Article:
Skye youth group scale new heights in Everest fundraising challenge
Published on 2 August, 2018
Youth Vestry, a youth group based at Kilmore Church on the Isle of Skye, are scaling the hills of northern Scotland this summer in their latest fundraising effort to ‘conquer Everest’.
Youth Vestry was set up at Kilmore Church earlier this year to engage the older children within the existing Sunday School group.
Whilst looking into fundraising opportunities for the group, group leader Nicola Thomson stumbled across the Everest Anywhere Challenge – created by outdoors magazine Trail - which challenges people to climb Everest’s towering 8,848m wherever they are in the world.
Nicola said: “Archie, one of the Sunday School team leaders, is an avid climber and saw the challenge being advertised in a climbing magazine. We suggested it to the group and they were really keen. And so the idea was born.
“We wanted to make it something quite rewarding for them too and, having been to Abernethy myself on a women’s weekend, I suggested we attend the Year of Young People weekend at Abernethy Centre in October.
“I think they will get a lot out of it and I remember myself from camps when I was younger - it was during these sessions in the mornings and evenings that I really started to think about my own faith in depth.
“So, that is the plan and we are hoping to raise £1,000 to cover the costs of attending, with some left over to help refurbish the Sunday School room and do something exciting with them too.”
The group, which comprises of five members (three girls and two boys), started their challenge in June and hope to successfully ‘conquer Everest’ by October.
“Our first climb was just an easy 240m meander - 16 of us from ages 2 to 80 attended and we had a picnic.
“Our second climb was Beinn na Cro, which was 575m. That was really good, such a misty day all around but the sun led us up to the top. We were delighted!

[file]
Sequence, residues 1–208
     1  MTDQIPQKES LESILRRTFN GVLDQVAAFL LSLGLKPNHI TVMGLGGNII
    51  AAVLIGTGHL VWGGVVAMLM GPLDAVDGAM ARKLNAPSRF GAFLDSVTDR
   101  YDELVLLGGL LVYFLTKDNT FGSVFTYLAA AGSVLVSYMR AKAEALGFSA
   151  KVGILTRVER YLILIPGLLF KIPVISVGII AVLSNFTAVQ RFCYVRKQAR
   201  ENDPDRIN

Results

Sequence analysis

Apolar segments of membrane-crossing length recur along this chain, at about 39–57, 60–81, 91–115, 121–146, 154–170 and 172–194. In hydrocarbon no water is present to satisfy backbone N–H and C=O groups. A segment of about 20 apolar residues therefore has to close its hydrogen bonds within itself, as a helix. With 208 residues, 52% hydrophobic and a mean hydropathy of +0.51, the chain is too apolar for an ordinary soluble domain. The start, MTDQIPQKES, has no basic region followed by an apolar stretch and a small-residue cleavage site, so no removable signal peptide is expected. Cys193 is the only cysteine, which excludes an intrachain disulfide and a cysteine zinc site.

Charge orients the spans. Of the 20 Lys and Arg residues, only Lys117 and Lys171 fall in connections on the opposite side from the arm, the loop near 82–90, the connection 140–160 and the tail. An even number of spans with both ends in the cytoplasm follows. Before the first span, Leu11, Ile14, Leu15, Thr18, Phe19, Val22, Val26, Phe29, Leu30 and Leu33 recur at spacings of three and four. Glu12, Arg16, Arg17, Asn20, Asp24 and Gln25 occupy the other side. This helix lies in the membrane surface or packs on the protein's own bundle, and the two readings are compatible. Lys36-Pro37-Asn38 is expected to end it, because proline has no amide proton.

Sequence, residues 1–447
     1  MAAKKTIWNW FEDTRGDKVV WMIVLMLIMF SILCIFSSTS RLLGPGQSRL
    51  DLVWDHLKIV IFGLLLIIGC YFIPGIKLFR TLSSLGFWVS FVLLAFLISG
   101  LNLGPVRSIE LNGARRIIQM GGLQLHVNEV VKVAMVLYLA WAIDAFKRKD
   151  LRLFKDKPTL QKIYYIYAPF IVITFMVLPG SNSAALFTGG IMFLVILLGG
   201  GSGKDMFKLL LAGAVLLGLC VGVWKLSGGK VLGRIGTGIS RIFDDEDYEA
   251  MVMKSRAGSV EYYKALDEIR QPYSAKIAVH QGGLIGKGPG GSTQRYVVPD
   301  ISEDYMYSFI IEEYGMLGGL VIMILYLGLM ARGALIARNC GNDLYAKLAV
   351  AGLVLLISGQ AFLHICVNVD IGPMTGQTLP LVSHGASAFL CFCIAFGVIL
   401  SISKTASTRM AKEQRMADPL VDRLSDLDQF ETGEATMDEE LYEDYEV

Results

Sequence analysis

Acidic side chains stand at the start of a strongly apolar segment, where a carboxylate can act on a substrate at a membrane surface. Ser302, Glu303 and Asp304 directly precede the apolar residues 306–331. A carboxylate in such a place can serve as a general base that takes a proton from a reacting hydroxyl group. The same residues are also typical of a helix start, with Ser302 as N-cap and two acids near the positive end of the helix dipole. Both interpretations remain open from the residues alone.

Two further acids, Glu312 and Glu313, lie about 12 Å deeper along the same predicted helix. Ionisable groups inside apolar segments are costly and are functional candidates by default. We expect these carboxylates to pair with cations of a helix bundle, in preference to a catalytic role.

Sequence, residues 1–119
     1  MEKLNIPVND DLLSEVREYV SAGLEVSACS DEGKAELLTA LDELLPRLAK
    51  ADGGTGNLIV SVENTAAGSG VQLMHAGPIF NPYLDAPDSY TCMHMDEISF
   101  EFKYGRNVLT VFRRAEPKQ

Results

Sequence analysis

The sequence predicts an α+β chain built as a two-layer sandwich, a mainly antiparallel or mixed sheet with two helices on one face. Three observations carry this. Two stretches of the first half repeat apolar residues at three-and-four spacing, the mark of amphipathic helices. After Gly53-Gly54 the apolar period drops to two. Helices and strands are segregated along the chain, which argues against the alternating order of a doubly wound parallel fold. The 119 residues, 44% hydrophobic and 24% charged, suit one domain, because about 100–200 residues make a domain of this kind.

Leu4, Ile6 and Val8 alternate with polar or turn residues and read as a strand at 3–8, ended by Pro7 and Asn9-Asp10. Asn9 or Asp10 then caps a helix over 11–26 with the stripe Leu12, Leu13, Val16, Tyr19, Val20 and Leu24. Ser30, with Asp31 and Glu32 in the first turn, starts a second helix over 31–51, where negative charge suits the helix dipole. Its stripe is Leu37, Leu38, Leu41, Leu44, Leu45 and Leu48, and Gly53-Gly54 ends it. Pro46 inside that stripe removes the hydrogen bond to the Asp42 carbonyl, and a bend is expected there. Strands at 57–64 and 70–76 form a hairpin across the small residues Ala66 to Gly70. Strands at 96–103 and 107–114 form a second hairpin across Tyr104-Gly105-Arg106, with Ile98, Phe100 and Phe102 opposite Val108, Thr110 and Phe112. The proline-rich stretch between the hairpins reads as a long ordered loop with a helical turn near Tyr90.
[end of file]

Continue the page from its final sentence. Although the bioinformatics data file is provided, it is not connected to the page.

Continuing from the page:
“Our next one is Blaven, one of the Cuillins, and it is almost twice the height at 900m. We also hope to do Coirre Laggan and possibly one of the hills in Kintail.
“Archie is our climbing leader and it has been good having him guide us up to the summit. His motivational skills will come in very handy as we start to get higher and higher.
“We are hoping to attain a few Everests collectively, and will be finishing with Ben Nevis, the highest in the country.” she said.
Tackling the challenge of engaging with different youth age groups
Nicola played an integral role in setting the group up in January, to meet the need of older group members.
She said: “As a small rural church, with a congregation of around 45, Sunday School in Kilmore Church was pretty small in numbers but broad in age.
“We felt that it was becoming increasingly challenging to engage all of the age groups - we had children from 18 months old up to 11 year olds in the one room.
“I wanted to try and find ways that would continue to engage the older members as they grow up and move on to high school.
“The Kirk Session kindly agreed that we could create an older group for Primary 6 and up. We only had four children in that age range but they were all really keen.
“With permission from the minister, Rev Rory MacLeod, we converted the vestry into a really nice space, designed by the members of Youth Vestry.
“They also chose the name and Eva, one of our members, created our logo.”
Nicola’s team received £300 of funding from a local Presbytery fund to enable them to refurbish a space of their own.
“What used to be a grey, damp and dreary looking room is now a pink and teal mini-snug with beanbags and hot chocolate and a really cosy feel. It is absolutely their space,” Nicola said.
“It was a challenge for me to keep up with my faith and “do church” in my teenage years and I hope that creating age-relevant opportunities for them to nurture their faith will help.”
Year of Young People
Aptly, the Youth Vestry group was set up during the Year of Young People (YOYP), and commenced with the national Year of Young People launch service in January.
Looking at the monthly YOYP themes, Nicola and her team decided on some activities that worked for them. For example, for volunteering month, the group sang, played instruments and conducted scripture and prayer readings for older people in a local residential care home.
However, even just the more low-key group gatherings have been incredibly valuable.
“Sometimes we have just gone for a walk and enjoyed the time together, building relationships and being aware of God’s creation all around us,” Nicola said.
Find out more about the Everest Anywhere Challenge.
The Church of Scotland is actively involved in the Year of Young People 2018 and is running events, activities and celebrations throughout the year at local, presbytery and national levels to engage with young people across our congregations.Find out more.